Ok, call me petty but I couldn’t be happier to see the Riders beat the Stamps today. I have had enough of overrated Bo Levi and Dave “The Dick” Dickenson. Dave was a whiny player and is a whiny coach. The stupid pretend kick to try to draw an offside was probably the cheapest coaching move I’ve seen in a long long time.
It is also awesome the Fajardo is going to the west final. I really like his play. Unfortunately I suspect Winnipeg will de assemble the Riders and ship them home in an old shoe box.
I feel sorry for the Fleury team. You should be going to the Olympics. Tough break. Curling can be an unforgiving game. Jen can be good but she has become so inconsistent. We’ll have to keep our fingers crossed.
On the curling note I’m even happier that Koe lost yesterday. Not only lost but quit after 6. WTF? Need a hanky Kevin? I still haven’t forgiven you for the 2018 Olympics. This is what you get for taking Morris in. John has ruined many a good team. The guy is team culture poison. He should have to wear a hazard label.
I had no favourite in the mens. Jacobs or Gushue can both represent.
I follow the Tested.com crew and Adam Savage on their web site and on YouTube with reasonable regularity. This week has been focused on the San Diego ComicCon which, while interesting in its own way, has shown me that I really have little desire to go to a ComicCon. That said I was watching Adam and friends in their panel discussion today. As expected most questions were around Adam’s Myth Busters experiences. At the very end though, 44 minutes into the 52 minute segment, the panel all take a turn offering advice to a young woman looking to start a new vocation. Adam Savage, Alton Brown, Chris Hadfield, Andy Weir, and Phil Plait offer their takes on what life is and how one lives it. I couldn’t agree with them more. Girls, pay attention…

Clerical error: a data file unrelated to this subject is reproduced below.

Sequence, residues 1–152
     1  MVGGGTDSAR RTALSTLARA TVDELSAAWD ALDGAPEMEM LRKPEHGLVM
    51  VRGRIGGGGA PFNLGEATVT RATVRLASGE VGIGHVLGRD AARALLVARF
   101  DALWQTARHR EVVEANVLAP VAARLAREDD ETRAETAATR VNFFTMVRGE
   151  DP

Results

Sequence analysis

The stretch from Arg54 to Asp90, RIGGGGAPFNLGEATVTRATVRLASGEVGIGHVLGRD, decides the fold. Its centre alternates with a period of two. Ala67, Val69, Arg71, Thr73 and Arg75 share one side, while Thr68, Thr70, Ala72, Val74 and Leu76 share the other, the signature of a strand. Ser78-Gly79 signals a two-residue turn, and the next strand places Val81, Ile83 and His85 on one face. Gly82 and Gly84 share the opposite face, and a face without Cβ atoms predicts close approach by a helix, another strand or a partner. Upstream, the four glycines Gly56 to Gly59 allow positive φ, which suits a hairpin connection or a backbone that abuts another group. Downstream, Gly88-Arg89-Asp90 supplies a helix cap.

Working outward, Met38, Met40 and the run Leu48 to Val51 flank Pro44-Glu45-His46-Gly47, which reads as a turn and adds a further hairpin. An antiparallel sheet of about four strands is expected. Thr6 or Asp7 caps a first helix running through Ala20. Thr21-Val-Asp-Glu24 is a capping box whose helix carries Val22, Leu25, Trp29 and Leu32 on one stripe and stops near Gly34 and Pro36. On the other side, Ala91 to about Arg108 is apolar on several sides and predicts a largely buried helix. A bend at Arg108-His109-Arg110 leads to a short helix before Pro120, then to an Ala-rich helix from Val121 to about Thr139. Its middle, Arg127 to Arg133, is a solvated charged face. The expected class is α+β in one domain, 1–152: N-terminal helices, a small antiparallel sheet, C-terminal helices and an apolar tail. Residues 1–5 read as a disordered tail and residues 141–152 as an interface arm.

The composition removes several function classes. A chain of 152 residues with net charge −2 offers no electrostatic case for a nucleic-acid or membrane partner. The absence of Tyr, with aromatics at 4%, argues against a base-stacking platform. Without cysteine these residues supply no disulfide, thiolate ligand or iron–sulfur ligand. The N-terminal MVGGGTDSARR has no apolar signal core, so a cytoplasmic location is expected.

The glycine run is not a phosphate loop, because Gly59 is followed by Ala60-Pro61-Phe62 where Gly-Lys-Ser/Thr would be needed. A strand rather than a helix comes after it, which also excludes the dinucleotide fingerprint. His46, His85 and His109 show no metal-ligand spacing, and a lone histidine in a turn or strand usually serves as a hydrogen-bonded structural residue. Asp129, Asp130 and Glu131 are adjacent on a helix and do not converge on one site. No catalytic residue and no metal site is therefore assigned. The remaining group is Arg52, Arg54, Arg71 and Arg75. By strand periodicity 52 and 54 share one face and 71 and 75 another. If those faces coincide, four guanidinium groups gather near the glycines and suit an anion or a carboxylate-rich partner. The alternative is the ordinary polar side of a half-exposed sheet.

I recently read an article called You are going to dieon the website Evidence Based Fitness. This article is a couple of years old already but I just became aware of it. It totally reflects my own philosophy.
My wife and I have been rolling our eyes at food studies for years already, ever since the saccharine studies. For those unaware of these, the studies “proved” saccharine caused cancer. In reality, to consume as much saccharine as they pumped into the lab rats to cause cancer you would have to drink a diet soda every six minute for the rest of your life. Now decades later saccharine is back. I have looked sideways at these studies ever since.
I am a proponent of eating naturally. Evolution got us here, so eat like your body was built to. We are omnivores. Eggs would have been a valuable foodstuff to Caveman Mel. No, he wouldn’t have eaten 6 a day, every day. He could never have gathered that many. Simple.
Same with meat. Meat has been a major component in Hunter Gatherer Mel’s diet. Sorry to hurt anyone’s vegan, veggie, PETA feelings but that is the reality. Humans eat meat. Your body was built to process meat. It’s not a bad thing and removing meat from your diet is unnatural. Yes, you can do it, but you are not eating the way you were constructed to. Luckily for you humans are adaptable omnivores.
I also relate to the comments the author makes about life length and life style. Length of life is unimportant for me. I can’t control it, it is a complete unknown, and the even someone with the “healthiest” lifestyle could be hit by a bus tomorrow. What IS important is quality of life. You like hiking in the outdoors? Then getting in shape is a natural part of your quality lifestyle. You’ll be happier when you can get to the top of that hill.